Reports Produced for the United States Department of Defense
NAVFAC, 2015. Passive Sampling for Vapor Intrusion Assessment. Technical Memo TM-NAVFAC EXWC-EV-1503
Geosyntec, 2015. Cost and report for development of more cost-effective methods for long-term monitoring of soil vapor intrusion to indoor air using quantitative passive diffusive-adsorptive sampling techniques. ESTCP project ER-200830, May 2015.
Geosyntec, 2014. Development of more cost-effective methods for long-term monitoring of soil vapor intrusion to indoor air using quantitative passive diffusive-adsorptive sampling. ESTCP Project ER-200830, June 2014.
Geosyntec, 2011. Demonstration of improved assessment strategies for vapor intrusion – passive samplers. SPAWAR Systems Center Pacific.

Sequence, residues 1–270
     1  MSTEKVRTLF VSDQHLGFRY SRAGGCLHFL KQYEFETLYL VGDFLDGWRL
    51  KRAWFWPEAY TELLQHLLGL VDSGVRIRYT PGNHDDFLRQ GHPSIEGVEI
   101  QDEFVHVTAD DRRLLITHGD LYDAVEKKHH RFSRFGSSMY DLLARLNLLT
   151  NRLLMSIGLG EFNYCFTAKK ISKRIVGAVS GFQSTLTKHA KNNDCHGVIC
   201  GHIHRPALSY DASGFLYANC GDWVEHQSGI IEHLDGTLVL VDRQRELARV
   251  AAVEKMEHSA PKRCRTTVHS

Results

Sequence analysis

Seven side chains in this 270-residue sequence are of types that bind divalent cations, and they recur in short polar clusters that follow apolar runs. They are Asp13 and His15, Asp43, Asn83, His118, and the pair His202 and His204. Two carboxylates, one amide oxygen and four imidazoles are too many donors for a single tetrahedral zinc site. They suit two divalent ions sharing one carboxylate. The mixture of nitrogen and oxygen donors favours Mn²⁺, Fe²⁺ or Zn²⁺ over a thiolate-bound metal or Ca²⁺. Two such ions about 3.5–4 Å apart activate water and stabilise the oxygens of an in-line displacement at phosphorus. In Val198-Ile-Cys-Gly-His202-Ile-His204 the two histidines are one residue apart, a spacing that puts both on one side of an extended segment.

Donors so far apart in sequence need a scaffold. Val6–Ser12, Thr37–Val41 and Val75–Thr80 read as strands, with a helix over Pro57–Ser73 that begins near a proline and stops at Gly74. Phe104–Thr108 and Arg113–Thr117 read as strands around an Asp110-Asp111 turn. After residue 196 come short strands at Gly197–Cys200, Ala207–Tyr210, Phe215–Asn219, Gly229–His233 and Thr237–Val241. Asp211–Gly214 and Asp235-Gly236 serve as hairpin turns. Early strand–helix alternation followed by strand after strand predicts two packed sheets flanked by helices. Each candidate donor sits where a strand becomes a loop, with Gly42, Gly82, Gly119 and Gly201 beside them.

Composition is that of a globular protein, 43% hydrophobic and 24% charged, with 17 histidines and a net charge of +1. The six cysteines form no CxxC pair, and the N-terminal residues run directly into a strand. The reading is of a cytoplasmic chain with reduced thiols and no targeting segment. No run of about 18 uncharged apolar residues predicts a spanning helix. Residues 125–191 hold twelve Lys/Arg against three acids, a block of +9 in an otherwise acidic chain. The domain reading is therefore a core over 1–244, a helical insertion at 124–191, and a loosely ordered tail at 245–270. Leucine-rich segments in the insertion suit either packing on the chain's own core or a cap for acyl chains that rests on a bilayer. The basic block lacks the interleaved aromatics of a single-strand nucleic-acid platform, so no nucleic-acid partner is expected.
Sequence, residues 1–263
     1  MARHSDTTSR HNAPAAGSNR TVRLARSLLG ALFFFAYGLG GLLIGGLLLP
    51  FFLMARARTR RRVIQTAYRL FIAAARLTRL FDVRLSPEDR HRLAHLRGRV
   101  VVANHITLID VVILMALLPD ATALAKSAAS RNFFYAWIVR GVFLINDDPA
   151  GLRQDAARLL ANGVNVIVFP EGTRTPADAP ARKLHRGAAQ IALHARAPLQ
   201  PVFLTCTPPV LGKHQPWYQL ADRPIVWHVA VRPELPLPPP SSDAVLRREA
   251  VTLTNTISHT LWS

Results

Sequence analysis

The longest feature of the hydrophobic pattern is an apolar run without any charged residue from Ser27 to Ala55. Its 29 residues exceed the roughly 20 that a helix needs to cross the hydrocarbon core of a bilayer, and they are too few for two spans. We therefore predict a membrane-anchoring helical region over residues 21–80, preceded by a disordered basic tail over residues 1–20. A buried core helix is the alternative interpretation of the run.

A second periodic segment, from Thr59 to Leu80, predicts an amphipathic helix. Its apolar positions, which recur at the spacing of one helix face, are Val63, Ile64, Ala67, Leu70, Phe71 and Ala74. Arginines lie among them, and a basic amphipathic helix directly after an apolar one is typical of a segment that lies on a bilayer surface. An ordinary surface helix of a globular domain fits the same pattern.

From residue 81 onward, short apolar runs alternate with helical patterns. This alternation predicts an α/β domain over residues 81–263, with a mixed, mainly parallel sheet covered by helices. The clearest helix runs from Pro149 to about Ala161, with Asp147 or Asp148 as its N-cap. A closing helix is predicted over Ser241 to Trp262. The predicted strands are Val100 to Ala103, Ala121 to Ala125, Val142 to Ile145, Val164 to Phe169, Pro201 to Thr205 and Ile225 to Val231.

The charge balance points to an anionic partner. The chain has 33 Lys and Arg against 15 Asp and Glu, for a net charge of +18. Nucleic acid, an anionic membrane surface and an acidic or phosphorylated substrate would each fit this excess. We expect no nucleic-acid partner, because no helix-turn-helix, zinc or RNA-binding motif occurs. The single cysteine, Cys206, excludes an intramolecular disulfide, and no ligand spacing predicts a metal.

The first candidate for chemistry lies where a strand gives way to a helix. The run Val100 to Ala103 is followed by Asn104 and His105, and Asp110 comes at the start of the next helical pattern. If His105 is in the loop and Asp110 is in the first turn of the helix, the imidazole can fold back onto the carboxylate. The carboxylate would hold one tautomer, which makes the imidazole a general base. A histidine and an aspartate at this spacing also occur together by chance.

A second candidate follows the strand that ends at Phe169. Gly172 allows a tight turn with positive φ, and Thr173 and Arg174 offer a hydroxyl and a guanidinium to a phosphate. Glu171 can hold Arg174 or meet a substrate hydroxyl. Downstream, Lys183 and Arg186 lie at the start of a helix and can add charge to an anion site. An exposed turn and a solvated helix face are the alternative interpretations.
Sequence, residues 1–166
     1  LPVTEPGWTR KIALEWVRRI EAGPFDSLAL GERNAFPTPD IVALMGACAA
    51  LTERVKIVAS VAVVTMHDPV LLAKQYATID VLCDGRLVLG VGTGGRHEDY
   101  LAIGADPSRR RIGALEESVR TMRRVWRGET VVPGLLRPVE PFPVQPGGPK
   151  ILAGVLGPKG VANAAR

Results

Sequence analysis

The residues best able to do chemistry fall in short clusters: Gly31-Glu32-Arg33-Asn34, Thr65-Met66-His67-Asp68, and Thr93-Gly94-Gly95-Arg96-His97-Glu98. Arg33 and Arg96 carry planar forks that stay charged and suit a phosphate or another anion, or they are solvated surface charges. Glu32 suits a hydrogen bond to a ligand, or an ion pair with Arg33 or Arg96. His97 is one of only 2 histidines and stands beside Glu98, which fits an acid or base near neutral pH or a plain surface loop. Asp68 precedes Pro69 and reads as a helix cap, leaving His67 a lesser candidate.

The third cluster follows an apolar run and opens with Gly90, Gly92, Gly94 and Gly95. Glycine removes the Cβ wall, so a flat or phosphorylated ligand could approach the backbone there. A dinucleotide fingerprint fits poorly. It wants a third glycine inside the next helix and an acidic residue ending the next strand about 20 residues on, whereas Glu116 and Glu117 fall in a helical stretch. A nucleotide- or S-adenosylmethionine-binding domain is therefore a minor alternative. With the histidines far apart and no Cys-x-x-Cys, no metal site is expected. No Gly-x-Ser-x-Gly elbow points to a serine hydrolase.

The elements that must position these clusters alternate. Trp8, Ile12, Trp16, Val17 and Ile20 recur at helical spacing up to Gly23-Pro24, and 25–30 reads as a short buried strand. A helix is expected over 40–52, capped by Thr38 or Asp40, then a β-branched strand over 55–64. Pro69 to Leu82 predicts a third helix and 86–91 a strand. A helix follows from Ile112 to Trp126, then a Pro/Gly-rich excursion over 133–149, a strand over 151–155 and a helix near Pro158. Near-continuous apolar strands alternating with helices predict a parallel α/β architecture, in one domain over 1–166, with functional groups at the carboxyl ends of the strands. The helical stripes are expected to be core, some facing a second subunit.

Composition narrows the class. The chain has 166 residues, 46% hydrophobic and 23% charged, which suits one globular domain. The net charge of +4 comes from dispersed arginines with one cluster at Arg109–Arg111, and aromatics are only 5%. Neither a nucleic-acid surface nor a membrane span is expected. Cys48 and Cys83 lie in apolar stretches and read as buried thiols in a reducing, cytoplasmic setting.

PAPER PRODUCED FOR THE UNITED STATES ENVIRONMENTAL PROTECTION AGENCY
U.S. EPA, 2015. Engineering Issue Paper. Passive samplers for investigation of air quality: method description, implementation, and comparison to alternative sampling methods.
Faten Salim, 2019. Modelling Permeation Passive Sampling, Ph.D., 2019, University of Waterloo.
Todd McAlary, 2014. Demonstration and Validation of the Use of Passive Samplers for Monitoring Soil Vapor Intrusion to Indoor Air, Ph.D., 2014, University of Waterloo.
Faten Salim, 2013. Novel Applications of the Waterloo Membrane Sampler (WMS) in Volatile Organic Compounds Sampling from Different Environmental Matrices, M.Sc., 2013, University of Waterloo.
Oana Goli, 2013. Compound Specific Isotope Ratio Analysis in Vapour Intrusion Studies using Waterloo Membrane Sampler (WMS), M.Sc., 2013, University of Waterloo.
Suresh Seethapathy, 2009. Development, Validating, Uptake Rate Modeling and Field applications of a New Permeation Passive Sampler, Ph.D., 2009, University of Waterloo.